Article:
In a move long anticipated by some in the Arlington business community, the Arlington County Board approved the licensing of its ConnectArlington fiber optic network to private businesses.
The “dark fiber” will first be installed along the Rosslyn-Ballston corridor, Glebe Road, on Columbia Pike and in Crystal City. It’s currently used to connect county government and schools facilities at “unprecedented” internet speeds, but, within a few months, businesses will be able to take advantage.
“This is an exciting step forward in Arlington’s plan to be a technological hub in our region,” County Board Chair Mary Hynes said in a press release. “Arlington’s strategic investments are building a technology infrastructure second to none, that will help us attract the businesses of the 21st century. Just as Arlington had the foresight to insist that Metro be built under the heart of our commercial corridors, it had the foresight, when building ConnectArlington, to build in additional capacity to meet future needs — for our businesses and County government.”
The first phase of expanding the program — adding fiber strands to the first 10-mile stretch in the county’s prime economic areas — is expected to cost $4.1 million up front, with a continuing $700,000-$800,000 operating cost.
Phase II of the program would add fiber to Shirlington, Lee Highway and western Columbia Pike, as well as run the fiber next to Arlington National Cemetery and the Pentagon (the red line in the map to the right). This stretch won’t be installed until the county evaluates the performance of Phase I.
County Board member Jay Fisette spoke to ARLnow.com in October about ConnectArlington, one of the initiatives he pushed last year for his economic competitiveness platform as board chairman.
“Innovation is not restricted to the private sector,” he said. “The capacity we’re putting into the network and making it accessible is an asset and competitive advantage over other jurisdictions.”
One of the speakers at Saturday’s County Board meeting, Jaroslav Flidr, said he works for the University of Maryland providing “services on top of dark fiber.” He praised the county for their decision, saying it has positioned itself for landing significant future office development.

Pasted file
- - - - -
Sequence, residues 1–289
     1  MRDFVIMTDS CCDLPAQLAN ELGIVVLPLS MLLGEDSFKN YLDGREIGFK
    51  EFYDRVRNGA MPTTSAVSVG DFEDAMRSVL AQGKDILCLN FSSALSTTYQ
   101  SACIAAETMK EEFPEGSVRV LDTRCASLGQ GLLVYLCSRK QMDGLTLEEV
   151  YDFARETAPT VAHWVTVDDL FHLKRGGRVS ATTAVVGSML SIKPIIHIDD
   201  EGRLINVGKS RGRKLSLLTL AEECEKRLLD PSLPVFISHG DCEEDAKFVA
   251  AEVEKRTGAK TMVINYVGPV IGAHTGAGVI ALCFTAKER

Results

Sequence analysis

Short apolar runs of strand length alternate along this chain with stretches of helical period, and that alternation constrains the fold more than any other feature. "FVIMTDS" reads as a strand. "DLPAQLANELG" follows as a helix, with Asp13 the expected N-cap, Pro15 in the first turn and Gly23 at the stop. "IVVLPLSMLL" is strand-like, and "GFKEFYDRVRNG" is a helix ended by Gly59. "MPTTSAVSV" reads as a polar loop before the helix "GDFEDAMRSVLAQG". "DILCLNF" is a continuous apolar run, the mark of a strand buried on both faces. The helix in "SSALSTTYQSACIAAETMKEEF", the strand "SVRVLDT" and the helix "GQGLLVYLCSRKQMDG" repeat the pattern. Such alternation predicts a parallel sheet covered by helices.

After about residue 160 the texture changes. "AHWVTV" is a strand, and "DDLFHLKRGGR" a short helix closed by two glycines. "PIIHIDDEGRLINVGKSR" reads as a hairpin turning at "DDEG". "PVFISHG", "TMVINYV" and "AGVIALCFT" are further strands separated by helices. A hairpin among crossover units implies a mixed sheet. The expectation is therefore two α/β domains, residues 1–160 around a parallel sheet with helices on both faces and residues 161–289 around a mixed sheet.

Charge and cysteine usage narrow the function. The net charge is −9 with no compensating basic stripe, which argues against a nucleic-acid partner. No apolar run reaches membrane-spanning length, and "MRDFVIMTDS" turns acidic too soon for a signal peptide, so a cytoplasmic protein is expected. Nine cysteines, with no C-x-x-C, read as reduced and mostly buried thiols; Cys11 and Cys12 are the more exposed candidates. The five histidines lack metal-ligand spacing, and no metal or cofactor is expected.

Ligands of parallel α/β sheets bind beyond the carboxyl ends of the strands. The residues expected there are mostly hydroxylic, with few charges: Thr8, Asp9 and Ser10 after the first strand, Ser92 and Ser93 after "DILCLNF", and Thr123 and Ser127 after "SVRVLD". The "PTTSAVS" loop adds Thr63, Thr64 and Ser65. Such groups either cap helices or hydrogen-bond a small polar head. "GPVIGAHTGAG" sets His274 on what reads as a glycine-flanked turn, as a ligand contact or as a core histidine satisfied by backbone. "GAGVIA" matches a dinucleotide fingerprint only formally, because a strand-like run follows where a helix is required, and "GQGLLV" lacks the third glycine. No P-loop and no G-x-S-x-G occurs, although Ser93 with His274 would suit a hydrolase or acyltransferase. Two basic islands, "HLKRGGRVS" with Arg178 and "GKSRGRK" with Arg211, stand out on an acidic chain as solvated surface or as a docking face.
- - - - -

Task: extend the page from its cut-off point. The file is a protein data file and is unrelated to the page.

“We have federal agencies like NASA, NIH and NSF [as clients],” Flidr told the Board. “In my experience, when these agencies look for where to locate future development, access to assets like dark fiber is, in their mind, one of their most important factors in their decision-making process; where to go, where to stay, where to relocate.”
Angela Fox, CEO of the Crystal City Business Improvement District, also lauded the program as an economic boon to the county.
“We can use this as an economic development tool to attract businesses to the area,” Fox said. “We want things like this, we need things like this, because it is a vicious market. We need tools in our toolbox to demonstrate why Arlington is a place they should be doing business.”
The county will license 864 strands of fiber to individual buildings and businesses, hicho can install connections to its lines and promote is as an asset, according to the staff report. The connections to the fiber must remain inside Arlington, to ensure it benefits the county and not one of its regional competitors. Each company can license a maximum of 40 strands at at time.
The county will charge licensing fees and recoup its costs, it says, but doesn’t yet have revenue projections because it’s unclear how the market will respond to the new, high-tech infrastructure.
Map (bottom) via Arlington Economic Development. Disclosure: The Crystal City BID is an ARLnow.com advertiser.